Meditation Techniques For A New, Individual Practice?

28 posts in this topic

The two types of meditation that work best for me is slackline Yoga and Counting the breath.   I've tried many other techniques but, usually end up getting super impatient or have a hard time staying focused.

With slackline yoga you have to be present the entire time, the moment your mind starts wandering you will know instantly because you'll come off the line.  It's really an incredible practice for stilling the mind, finding focus and balance.  Here's an intro video to slackline yoga if interested.  

   Here are my two favorite counting the breath meditations to create peace and focus:

1.  Erich Schiffman-counting down backwards from 50

2.  Thich Nhat Hahn Counting Your Breath:  Making your breath calm and even is called the method of following one’s breath. If it seems hard you can first begin by counting your breath. As you breathe in, count 1 in your mind, and as your breathe out count 1 and so forth. Continue through 10 and return to 1 again. This counting is like a string which attaches your mindfulness to your breath. The exercise is the beginning point of becoming completely conscious of your breath. Without mindfulness you will lose count. Once you have reached a point where you can truly focus your attention on the counts, you have reached the point where you can abandon the counting method and concentrate solely on the breath itself.

Also, any of Thich Nhat Hahn's books are excellent if you are wanting to learn more about mindfullness and meditation.  They are simple to understand and delightful to read.

As mentioned previously a good way to make it consistent is to sit for a realistic amount of time.  For most of us five minutes is doable.  Commit to doing meditation for five minutes each day for a week at a set time everyday (I prefer first thing in the morning when I wake up) and see how it goes.  

Of course, try the suggestions you are most drawn to for meditation in this thread for yourself.  And decide which works best for your needs.

Edited by kcharts
Hildegard, yogafire, afriske and 1 other like this

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I'm glad that this topic got started again , because then I saw it! There are a lot of awesome tips in here that I hope to return to. 

Things that worked for me:

Counting the number of breaths. If I lose count I start over at 1. 

Guided meditation

Chakra meditation

I made my own meditation beads as well and I count those!


I can only seem to meditate in savasana because that's where I'm most comfortable. I also like to do it before I sleep to calm my mind. But I heard once that it shouldn't be done before sleep. Does anyone know the right answer for this?

yogafire likes this

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Thought I'd share some fun things I learned after attending a meditation class led by a Tibetan monk (who lives in the US now).  Our instructor was so approachable, and yes, he's an experienced practitioner, but attributed it from daily habit since he was young (grew up in a temple). He was so easy going about it that I felt more relaxed to just try it out and not try to overthink specific techniques, like I have been trying in the past.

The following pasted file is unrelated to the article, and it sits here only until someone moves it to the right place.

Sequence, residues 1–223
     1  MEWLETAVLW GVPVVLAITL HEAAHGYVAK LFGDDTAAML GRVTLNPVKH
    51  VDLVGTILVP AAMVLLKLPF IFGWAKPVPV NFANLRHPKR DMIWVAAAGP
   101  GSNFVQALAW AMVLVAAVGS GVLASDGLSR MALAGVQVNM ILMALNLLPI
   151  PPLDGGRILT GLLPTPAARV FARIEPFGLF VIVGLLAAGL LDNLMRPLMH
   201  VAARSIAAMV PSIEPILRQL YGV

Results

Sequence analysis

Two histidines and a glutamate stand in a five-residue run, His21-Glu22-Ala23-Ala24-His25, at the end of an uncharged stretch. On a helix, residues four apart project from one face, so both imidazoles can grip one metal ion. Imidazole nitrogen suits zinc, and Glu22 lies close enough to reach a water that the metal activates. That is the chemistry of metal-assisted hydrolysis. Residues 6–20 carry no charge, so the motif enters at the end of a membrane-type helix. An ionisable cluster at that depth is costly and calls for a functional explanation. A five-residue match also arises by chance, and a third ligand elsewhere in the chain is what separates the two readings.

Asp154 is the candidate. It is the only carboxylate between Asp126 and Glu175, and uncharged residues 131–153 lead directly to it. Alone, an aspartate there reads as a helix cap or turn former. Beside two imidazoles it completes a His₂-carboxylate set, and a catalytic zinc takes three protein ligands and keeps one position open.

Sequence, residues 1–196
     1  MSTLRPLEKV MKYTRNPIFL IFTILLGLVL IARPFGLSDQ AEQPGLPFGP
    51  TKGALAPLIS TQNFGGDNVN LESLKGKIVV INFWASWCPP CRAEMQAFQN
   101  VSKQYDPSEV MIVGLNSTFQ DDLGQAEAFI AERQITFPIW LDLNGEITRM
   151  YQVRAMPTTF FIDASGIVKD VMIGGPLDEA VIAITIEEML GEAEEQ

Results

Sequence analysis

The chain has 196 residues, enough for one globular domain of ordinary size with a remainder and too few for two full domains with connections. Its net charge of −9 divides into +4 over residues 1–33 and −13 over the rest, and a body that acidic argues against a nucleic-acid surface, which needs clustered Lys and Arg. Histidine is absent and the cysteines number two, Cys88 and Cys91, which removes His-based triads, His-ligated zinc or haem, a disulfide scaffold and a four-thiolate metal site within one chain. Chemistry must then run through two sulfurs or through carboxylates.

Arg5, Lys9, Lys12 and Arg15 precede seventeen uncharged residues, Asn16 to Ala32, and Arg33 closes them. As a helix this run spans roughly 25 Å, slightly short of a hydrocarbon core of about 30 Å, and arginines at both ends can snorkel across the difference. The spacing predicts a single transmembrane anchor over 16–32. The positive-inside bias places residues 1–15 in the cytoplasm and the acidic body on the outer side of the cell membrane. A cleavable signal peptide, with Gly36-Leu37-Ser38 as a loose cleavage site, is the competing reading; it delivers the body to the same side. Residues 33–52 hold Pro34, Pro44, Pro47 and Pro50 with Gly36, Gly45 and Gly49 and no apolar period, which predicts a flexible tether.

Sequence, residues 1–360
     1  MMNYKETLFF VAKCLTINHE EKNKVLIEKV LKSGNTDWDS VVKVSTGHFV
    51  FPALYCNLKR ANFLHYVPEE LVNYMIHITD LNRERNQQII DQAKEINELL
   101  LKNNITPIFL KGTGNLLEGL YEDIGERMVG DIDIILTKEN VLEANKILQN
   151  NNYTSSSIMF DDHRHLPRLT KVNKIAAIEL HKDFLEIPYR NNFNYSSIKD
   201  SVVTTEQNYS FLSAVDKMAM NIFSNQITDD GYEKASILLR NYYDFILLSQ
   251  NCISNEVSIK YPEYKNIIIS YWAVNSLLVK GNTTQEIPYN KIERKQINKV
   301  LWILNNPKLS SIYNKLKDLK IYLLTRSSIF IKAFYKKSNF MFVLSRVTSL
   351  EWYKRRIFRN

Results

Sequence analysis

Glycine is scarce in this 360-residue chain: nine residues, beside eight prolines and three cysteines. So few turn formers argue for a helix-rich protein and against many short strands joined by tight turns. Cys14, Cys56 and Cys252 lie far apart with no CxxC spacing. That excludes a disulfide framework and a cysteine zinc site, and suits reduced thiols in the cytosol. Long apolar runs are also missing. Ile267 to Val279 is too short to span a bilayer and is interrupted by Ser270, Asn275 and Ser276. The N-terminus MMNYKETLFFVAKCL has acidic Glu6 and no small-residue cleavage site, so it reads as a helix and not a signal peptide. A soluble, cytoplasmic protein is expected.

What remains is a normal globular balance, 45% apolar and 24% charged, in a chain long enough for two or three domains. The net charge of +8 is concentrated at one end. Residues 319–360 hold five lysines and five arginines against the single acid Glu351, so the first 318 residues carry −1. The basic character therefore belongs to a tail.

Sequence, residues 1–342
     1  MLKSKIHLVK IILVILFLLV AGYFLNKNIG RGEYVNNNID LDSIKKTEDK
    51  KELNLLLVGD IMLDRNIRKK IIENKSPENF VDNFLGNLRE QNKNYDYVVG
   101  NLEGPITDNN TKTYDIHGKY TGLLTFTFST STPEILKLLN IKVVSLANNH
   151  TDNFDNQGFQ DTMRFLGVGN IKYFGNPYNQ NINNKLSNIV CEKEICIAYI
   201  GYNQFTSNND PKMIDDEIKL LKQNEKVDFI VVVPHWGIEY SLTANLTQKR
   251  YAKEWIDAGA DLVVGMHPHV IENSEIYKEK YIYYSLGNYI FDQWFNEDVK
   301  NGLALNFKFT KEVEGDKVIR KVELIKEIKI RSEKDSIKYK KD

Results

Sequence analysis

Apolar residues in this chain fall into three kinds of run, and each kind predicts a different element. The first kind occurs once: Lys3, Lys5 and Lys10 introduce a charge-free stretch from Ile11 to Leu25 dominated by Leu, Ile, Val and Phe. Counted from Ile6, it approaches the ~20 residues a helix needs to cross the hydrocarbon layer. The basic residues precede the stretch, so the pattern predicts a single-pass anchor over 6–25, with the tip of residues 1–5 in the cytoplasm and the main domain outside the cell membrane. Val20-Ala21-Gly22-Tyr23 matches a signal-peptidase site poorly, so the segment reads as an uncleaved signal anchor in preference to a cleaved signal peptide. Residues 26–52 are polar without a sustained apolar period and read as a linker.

Interesting things I learned from my instructor:

  • You can meditate with your eyes open - ideally a soft gaze down your nose
    • He explained that's why he always meditates at temple - if he meditates at home, he starts noticing which pictures are misaligned and that distracts him!
    • When we were in Thailand, I asked my husband if I should check out a temple he just came out of that.  He said, "No, it was super awkward because there was no one else there, and a monk was sitting there, staring at me and meditating with his eyes wide open!" Unfortunately, I didn't check it out myself, but, this instruction reminded me of this event and made me laugh inside.
  • Tibetan and Buddhist monks also chant in Sanskrit during meditation, even if they're Chinese speakers. I thought that was lovely - a universal language.
  • Asana and meditation seem to go together naturally - one will want to do more of whatever he or she is not already doing. For instance, in this thread it sounds like there are people like myself who practice asana more regularly than meditation, but want to meditate more.  Our instructor revealed that even though he meditates 1.5 hours a day, he wants to do more yoga, and really feels good after classes. I was ignorant - it never dawned on me that it would go the other way - monks also enjoy the everyday yoga studio!

Note: this is all based on one guy, so, the last point doesn't apply to everyone!

msinkblot likes this

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